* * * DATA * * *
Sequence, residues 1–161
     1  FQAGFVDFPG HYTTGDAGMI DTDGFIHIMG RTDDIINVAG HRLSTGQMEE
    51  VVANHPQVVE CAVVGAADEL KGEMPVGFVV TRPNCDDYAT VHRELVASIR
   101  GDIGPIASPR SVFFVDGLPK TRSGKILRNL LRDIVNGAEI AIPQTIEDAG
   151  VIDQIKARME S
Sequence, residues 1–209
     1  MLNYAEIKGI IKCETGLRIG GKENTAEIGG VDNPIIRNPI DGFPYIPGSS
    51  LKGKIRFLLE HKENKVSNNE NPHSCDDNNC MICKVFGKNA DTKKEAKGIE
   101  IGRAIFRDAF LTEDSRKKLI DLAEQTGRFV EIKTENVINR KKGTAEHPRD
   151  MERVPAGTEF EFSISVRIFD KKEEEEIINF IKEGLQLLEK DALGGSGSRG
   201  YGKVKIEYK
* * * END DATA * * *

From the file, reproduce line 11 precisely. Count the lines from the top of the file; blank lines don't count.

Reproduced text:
   201  YGKVKIEYK